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University of Wisconsin–Madison
Poverty-related issues in the news, from the Institute for Research on Poverty

October 15-19, 2018

One out of every 10 students lived in temporary housing during the last school year.


Evictions. Homelessness. Discontent with schools. Student mobility in Milwaukee slows learning and challenges classrooms.


Counties exempt from work rules are nearly all white, a study found. High black-poverty areas face more stringent rules.


The Department of Homeland Security is proposing changes to make sure immigrants seeking green cards or temporary visas are not overly dependent on government assistance.


More than two-thirds of Medicaid recipients are enrolled in privately run Medicaid managed care programs. Yet the evidence is thin these contractors improve patient care or save the government money.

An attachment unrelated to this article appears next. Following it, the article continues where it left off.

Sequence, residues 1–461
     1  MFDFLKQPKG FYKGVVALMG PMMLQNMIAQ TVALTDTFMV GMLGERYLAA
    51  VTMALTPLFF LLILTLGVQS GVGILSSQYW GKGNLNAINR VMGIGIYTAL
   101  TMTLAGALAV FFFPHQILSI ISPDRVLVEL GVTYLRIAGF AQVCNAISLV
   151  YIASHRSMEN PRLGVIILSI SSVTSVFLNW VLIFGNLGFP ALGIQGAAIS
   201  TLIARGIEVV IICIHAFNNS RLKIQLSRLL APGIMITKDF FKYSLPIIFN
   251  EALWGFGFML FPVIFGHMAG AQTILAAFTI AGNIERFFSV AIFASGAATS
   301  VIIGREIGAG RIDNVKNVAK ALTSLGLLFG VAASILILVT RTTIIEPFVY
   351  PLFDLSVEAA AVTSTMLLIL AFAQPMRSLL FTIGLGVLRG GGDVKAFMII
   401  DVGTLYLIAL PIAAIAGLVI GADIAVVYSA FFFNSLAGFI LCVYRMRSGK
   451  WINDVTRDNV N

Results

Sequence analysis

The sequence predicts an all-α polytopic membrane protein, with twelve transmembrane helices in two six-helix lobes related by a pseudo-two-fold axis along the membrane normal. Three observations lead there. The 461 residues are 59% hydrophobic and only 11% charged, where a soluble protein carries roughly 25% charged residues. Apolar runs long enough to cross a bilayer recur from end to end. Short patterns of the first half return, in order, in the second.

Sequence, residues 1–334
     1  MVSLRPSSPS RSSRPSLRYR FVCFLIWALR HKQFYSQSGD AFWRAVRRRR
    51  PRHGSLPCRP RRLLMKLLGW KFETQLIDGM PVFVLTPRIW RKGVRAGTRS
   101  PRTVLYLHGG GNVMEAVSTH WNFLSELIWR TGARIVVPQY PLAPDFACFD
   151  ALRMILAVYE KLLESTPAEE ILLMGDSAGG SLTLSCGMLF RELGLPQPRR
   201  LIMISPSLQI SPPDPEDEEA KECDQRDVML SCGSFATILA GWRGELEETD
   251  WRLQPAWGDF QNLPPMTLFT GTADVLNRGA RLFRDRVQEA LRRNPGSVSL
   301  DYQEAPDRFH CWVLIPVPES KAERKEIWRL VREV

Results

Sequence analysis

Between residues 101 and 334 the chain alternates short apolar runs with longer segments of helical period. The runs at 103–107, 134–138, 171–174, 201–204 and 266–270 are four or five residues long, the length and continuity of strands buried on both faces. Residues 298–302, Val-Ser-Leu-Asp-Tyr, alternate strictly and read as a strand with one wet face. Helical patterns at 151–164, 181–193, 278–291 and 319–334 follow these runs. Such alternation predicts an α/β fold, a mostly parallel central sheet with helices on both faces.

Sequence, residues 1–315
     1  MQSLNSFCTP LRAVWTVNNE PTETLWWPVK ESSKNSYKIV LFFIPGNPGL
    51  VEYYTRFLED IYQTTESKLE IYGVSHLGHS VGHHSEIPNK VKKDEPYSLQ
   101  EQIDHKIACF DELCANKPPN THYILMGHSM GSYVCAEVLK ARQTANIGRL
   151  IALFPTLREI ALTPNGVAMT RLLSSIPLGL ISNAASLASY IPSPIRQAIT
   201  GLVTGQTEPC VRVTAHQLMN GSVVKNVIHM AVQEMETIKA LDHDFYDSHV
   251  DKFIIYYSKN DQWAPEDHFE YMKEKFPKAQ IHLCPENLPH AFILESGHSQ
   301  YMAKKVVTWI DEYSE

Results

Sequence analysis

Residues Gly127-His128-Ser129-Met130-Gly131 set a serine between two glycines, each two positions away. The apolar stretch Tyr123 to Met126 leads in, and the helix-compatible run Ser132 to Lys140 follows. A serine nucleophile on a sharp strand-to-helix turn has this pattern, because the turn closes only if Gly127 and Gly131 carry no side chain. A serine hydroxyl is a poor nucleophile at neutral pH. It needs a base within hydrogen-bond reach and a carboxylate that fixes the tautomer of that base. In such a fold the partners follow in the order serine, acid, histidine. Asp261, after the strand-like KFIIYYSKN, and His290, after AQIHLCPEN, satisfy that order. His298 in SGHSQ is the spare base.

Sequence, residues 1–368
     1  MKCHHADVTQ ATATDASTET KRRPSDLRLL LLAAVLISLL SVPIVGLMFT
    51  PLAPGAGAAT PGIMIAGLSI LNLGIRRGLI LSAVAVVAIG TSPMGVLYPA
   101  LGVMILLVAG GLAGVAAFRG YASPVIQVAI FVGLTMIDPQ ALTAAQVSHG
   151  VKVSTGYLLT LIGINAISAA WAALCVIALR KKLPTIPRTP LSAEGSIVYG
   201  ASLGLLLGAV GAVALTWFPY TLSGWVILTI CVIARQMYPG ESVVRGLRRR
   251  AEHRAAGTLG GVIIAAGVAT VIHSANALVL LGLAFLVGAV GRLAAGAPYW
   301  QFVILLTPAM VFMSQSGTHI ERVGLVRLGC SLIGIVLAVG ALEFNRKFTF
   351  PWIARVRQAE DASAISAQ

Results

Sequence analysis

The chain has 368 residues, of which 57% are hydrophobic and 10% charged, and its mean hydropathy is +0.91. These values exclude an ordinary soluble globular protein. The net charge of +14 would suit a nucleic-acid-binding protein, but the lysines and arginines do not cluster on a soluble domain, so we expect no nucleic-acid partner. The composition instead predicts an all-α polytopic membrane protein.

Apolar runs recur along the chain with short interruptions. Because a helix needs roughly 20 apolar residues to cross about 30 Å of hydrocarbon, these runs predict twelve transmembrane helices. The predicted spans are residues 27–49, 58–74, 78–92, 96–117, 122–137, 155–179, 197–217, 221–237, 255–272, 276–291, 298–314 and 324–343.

Government report: Low-income people in states that haven’t expanded Medicaid much more likely to forgo care.


Nearly 70 Republican state lawmakers want Montana to have a work requirement for people who qualify for Medicaid under its expanded program.


Oakland residents at risk of homelessness could qualify for emergency rent checks and legal representation under a new program announced Monday by Oakland Mayor Libby Schaaf and three Bay Area nonprofits. At a City Hall news conference, Schaaf and executives from the East Bay Community Law Center, Catholic Charities of the East Bay and Bay Area Community Services presented a $9 million pilot plan called Keep Oakland Housed, which is designed to provide support services for low-income city residents.


States are beginning to intervene in zoning rules, once a purely local matter.


Despite committing $124 million to build homes for families with low incomes, the affordable housing crisis in Charlotte, NC, has grown worse. Leaders want voters to approve more in bonds in November.


The Inquirer and Daily News, along with WHYY, traveled to Seattle, one of four major cities with a fair-workweek measure.


Enforcement is key, plus other lessons from Seattle, which enacted a scheduling law more than a year ago.